Electronics retail giant Best Buy (NYSE : BBY) was the toast of Wall Street this past week, with its equity valuations jumping up nearly 7% on Thursday (Nov 20) by beating earnings estimates. Critical to the bullish sentiment on the street was an increase of same-store sales to the tune of three-percent during the third quarter. Also, a marked improvement in online sales, which increased by 21-percent from the prior quarter, put to rest fears of the impact of “showrooming,” a pejorative uttered by brick-and-mortar establishments that criticize consumer tendencies to use stores such as Best Buy to physically test wanted products before making an actual transaction through an online retailer like Amazon. With much needed enthusiasm in the retail sector, especially after a Bloomberg report noted an unexpected decrease of 0.2-percent in consumer spending for month of September, will Best Buy lead the way towards a resurgence? And what does their turn of fortune mean for the U.S. economy in general?
Throughout most of 2014, Best Buy shares have formed a distinct and reliable trend channel that has rewarded long-term investors with solid gains. Since bottoming in February of this year, shares are up over 69-percent at time of writing (Nov 22), making the retailer one of the strongest performers of this year, if it were not for the unfortunate and dramatic drop that it incurred in mid-January, when valuations gapped down an incredible 28.6-percent. Comparing peak-to-trough from the November 2013 highs until the February 2014 bottom, investors during this cycle essentially took a halving haircut. Perhaps a more appropriate term would be a scalping…
Ultimately, this singularly extreme volatility may be the defining pivot of Best Buy. Not only will the November highs of the prior year “provide” strong technical resistance as traders play chicken over a meaningful psychological battleground, it will test the true fundamentals of the bullish case for Best Buy. What caused the enormous sell-off earlier this year? According to an Associated Press report on January 16th, Best Buy reported disappointing sales during the holiday shopping season, which raised questions at the time regarding management’s ability to turn around a struggling business. One of the reasons cited for the weakness was lowered consumer spending habits, along with a dramatic increase in holiday sales promotions by direct and indirect retail competitors.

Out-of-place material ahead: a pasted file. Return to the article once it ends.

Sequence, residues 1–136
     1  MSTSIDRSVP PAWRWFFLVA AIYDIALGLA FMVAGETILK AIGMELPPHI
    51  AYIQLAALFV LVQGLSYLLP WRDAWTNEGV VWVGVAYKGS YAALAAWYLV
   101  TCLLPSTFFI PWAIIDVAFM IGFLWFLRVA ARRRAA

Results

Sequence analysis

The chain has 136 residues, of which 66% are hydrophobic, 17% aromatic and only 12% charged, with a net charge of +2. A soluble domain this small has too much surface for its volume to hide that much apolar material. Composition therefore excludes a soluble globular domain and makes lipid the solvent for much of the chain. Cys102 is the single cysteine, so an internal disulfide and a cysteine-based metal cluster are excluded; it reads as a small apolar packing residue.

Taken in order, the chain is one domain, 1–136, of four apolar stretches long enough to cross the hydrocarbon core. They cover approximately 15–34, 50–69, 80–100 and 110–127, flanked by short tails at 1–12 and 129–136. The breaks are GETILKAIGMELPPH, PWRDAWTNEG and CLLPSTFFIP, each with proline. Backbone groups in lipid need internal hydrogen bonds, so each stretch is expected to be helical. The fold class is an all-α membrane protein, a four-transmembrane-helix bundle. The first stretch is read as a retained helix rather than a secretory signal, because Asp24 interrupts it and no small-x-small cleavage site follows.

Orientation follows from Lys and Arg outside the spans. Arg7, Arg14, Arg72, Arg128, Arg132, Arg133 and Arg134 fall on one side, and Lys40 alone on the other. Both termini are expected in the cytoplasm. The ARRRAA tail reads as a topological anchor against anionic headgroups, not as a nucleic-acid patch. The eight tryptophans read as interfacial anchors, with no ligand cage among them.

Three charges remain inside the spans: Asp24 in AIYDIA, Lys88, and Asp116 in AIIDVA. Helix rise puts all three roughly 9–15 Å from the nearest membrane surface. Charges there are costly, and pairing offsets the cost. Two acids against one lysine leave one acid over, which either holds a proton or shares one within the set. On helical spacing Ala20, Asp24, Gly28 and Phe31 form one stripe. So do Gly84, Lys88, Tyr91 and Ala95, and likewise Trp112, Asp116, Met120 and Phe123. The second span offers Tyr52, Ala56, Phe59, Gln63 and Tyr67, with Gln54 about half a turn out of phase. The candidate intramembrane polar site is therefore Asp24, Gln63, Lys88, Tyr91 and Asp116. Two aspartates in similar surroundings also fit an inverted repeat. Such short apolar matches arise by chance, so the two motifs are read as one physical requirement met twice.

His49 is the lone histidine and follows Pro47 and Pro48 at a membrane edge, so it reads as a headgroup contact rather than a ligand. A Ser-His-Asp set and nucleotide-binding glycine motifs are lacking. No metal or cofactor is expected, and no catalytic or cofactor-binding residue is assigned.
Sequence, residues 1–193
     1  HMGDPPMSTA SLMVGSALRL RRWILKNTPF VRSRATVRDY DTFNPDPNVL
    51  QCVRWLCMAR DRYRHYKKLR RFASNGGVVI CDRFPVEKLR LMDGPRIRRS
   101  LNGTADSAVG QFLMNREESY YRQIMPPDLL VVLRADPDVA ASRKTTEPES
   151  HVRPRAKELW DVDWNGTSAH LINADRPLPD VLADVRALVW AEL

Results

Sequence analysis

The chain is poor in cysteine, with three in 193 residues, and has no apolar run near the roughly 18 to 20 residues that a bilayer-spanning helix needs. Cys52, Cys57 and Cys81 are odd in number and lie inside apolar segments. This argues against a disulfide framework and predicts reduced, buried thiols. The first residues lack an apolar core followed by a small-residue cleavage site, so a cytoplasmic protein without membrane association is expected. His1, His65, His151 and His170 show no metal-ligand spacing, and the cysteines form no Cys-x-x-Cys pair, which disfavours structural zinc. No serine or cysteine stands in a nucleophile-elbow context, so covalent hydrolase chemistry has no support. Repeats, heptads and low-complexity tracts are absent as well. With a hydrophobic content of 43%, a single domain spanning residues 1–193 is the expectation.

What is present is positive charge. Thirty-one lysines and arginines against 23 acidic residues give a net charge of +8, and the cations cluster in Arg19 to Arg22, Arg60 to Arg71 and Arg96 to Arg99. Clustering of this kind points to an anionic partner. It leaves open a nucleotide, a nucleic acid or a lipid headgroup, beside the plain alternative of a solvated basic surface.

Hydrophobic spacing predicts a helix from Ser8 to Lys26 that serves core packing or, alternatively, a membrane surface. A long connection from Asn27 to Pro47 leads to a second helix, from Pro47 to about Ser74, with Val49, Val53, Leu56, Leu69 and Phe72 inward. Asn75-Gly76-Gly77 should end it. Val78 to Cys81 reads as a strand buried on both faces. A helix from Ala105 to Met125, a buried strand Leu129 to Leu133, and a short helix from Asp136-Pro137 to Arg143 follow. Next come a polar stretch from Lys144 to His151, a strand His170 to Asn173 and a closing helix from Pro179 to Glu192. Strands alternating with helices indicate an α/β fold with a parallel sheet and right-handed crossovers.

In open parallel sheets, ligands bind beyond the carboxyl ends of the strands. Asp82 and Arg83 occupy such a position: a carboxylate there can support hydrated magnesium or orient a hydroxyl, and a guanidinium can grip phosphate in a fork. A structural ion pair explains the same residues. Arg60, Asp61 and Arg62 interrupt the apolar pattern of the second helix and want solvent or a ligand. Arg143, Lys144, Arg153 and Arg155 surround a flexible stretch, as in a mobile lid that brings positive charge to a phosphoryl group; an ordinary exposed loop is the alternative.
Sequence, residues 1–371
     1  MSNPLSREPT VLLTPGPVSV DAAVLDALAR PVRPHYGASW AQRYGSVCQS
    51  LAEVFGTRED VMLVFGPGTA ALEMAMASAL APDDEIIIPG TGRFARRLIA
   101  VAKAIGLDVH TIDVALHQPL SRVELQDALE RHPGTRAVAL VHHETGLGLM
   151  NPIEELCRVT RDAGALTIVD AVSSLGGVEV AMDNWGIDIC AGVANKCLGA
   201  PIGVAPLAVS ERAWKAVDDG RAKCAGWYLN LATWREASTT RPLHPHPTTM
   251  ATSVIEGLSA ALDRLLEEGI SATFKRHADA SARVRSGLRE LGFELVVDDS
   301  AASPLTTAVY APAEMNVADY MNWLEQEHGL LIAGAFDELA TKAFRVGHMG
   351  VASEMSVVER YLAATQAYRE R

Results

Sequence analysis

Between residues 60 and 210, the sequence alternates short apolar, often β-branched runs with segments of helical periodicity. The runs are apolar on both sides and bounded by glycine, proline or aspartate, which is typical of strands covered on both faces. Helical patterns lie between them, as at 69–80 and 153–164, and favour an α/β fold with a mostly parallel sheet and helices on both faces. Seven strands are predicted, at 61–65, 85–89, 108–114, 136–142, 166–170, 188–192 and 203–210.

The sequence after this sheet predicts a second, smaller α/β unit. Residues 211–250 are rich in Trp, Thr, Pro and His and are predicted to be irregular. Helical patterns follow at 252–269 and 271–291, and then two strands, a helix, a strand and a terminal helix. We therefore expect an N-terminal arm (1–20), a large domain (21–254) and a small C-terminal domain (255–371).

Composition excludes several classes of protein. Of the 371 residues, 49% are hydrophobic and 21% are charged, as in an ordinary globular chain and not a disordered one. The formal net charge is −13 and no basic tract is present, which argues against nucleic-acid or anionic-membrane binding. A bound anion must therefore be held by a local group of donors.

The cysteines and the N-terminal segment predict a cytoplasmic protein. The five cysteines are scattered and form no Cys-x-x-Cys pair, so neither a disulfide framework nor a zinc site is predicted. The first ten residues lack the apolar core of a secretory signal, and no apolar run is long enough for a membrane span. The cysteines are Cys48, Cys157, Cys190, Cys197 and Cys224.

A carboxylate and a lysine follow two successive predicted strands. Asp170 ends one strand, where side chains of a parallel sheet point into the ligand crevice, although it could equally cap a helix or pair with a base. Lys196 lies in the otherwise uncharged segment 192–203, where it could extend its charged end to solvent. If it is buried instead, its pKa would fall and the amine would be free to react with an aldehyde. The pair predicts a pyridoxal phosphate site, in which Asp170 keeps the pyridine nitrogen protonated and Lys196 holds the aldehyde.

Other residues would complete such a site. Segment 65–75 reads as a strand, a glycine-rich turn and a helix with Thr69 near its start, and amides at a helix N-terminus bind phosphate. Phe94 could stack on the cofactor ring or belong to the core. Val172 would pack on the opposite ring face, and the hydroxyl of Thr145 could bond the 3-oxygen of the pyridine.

For this year’s holiday season, consumer spending should be on the rise, given the fall in the crude oil market. While winter typically brings lower prices at the pump, the recent price drop has been exceptionally conspicuous and that is undoubtedly fortuitous for the greater economy. However, this circumstance may be a case of robbing Peter to pay Paul: a decline in demand equates to a rise in supply. Oil supply likely is not rising based on the much-hyped fracking industry, but instead on lowered net consumer spending. While an in-depth analysis of the labor market is beyond the scope of this article, it is clear from established sources such as the ADP National Employment Report that substantive jobs have been replaced with substandard jobs since the onset of the Great Recession. That means people have less money overall to spend on basic commodities, driving down demand across the board.
Best Buy and other heralded retailers should see a technical boost during the final quarter of 2014: momentum and overall trading sentiment is at a positive for Best Buy shares. That being said, strong technical resistance is to be expected at around the $43 ~ $44 price range. At that point, perhaps during January of 2015, the bean counters will be able to fully assess the situation. If lowered gas prices are not enough to overcome a qualitatively weakened labor market, a nasty return to mediocrity may be imminent and inevitable.